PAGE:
"Blessed are those who hunger and thirst after righteousness for they will be filled."—Matt 5:6
This beatitude reminds me of when our kids come to us and simple say "Hungry!" To which we have to respond, please ask, "Can I have a snack please?" However their raw expression speaks to the rudimentary nature of what Jesus is saying. We don't have to train our kids to realize that they are hungry. It's part of who they are. And when they are hungry, they want to be filled or they get very cranky.
Before getting into what this beatitude actually means, I have to be honest about what I've heard preachers say that it means for most of my life. "Blessed are those who do right things." Or "Blessed are those who live a moral life." Or for the more fundamentalistic sermons, "Blessed are those who line up (that is attend church faithfully, pay their tithes, and volunteer for ministry)."
But that is not what this beatitude is saying. First of all, the use of the metaphors of hunger and thirst must cause us to see that Jesus is talking about something that happens within us. This is not about us having the will-power to make the right moral choices. This is about being a person whose inner character longs for, yearns for, craves after, aches for this other thing. In other words, there is a huge dissatisfaction with the status quo. This is not about pulling ourselves up by our moral bootstraps, although morality is a good thing. Jesus was naming the fact that there were those who want something in their gut so badly that they will do whatever it takes to go after it. After all, this is what happens when we are hungry or thirsty. There is little that drives us as much as an empty stomach or parched lips. That to which Jesus is referring is as central to our lives as food and water.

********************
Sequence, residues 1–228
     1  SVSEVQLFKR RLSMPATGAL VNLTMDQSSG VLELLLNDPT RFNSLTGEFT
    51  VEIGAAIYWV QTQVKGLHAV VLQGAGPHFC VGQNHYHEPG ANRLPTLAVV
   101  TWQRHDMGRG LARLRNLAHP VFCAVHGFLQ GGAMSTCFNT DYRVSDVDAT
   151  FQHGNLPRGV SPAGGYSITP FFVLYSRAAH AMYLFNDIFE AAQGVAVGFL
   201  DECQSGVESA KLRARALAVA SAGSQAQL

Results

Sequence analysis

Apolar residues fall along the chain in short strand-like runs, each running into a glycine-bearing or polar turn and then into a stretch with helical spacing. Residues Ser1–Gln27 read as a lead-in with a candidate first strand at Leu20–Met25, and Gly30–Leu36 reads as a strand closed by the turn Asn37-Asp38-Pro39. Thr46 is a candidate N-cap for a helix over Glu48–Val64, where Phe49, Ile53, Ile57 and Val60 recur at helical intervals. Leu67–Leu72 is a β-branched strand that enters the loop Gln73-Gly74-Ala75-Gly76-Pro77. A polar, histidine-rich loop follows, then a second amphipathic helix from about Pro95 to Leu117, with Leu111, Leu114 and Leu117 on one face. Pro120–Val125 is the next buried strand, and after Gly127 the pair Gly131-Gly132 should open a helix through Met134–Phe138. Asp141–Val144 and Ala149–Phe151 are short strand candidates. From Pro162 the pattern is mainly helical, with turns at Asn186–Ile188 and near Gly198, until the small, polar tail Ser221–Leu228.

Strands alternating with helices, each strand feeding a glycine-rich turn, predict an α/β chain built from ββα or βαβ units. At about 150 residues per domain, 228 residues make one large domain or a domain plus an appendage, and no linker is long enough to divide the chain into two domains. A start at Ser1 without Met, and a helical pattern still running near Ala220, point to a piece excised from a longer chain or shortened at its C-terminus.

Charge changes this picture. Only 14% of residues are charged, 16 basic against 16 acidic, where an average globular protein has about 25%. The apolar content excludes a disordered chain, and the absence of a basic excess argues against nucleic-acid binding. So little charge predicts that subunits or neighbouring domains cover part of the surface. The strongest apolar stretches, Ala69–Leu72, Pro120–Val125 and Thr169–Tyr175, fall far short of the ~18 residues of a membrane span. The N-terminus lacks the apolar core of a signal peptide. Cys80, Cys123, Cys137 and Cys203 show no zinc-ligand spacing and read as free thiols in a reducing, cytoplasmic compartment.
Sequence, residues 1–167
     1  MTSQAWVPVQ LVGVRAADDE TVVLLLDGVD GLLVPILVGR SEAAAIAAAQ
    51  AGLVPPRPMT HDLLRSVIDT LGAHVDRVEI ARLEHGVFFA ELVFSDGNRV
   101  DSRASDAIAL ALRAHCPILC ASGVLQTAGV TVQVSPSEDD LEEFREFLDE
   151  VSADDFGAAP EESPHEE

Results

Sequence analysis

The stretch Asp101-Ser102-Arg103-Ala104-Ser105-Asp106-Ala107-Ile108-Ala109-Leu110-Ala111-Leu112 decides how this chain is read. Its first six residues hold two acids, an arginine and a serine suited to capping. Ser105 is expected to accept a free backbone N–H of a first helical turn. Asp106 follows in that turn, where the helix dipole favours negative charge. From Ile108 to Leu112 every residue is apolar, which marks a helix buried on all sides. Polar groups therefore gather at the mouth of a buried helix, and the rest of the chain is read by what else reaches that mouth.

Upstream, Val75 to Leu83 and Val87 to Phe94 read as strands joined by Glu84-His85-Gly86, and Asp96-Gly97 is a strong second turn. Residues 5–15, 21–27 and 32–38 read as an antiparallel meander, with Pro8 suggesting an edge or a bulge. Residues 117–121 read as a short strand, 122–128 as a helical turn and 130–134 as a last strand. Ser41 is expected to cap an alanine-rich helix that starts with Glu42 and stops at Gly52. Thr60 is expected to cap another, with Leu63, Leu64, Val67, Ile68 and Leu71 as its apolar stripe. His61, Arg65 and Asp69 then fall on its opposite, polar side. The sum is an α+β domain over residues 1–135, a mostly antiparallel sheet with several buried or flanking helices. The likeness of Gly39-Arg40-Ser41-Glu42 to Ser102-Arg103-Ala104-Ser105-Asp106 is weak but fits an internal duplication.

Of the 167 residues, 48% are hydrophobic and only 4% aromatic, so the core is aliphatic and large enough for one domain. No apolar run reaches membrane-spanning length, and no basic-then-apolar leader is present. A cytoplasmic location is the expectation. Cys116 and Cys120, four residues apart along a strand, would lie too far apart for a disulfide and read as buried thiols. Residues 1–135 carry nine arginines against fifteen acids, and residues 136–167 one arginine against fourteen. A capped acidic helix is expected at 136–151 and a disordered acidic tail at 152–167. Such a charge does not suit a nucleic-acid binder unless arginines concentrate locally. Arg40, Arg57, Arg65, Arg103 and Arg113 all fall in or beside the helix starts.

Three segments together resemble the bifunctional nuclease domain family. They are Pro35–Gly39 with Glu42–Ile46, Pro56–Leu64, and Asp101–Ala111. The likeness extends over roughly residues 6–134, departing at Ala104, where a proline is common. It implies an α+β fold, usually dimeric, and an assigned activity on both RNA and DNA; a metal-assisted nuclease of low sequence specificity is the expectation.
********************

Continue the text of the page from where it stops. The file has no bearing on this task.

Now to the second point, that of righteousness. If we are going to understand how this beatitude extends beyond modern notions of personal piety and morality, then we need to look into what this word actually meant in the days of Jesus. This word carries the connotations of justice, of the fulfillment of God's just rule in the world, of the completion of God's Kingdom in such a way that the world is put to right. In other words, this word points to God coming in the Messiah in such a way that evil is driven out and the presence of God is restored in the midst of God's people so that the world might be turned around.
This beatitude goes far beyond personality piety and morality. If you start with piety that's all you get. But if you see God's righteousness in this light, you can see God's action for the whole world and get personal piety thrown in. But it's not personal piety for piety's sake. Our lives change because we are caught up in the huge river of God's movement to put the world to right. Moral living occurs as I realize that God is doing something much bigger than saving me.
This beatitude then is talking about having an inner compulsion that drives one to long for, hope for and yearn for the coming of God's complete restoration and fulfill his work of salvation in the world. Those who are followers of Jesus will find themselves on a path that develops this within them. This stands in contrast to the normal ways of the culture where we hunger and thirst after the pleasures of life, those pleasures that dull our senses, appease our pain and fill us up with that which cannot meet our deepest longings.
Those things that we typically view as blessings (bigger houses, nicer cars, better jobs) can keep us from going deep within our souls to see what we really want. Those who hunger and thirst for righteousness are no longer satisfied with such banal food.
How do we learn to participate in this journey of discipleship so that we get in touch with this hunger and thirst within? Any ideas before I write my thoughts on this matter?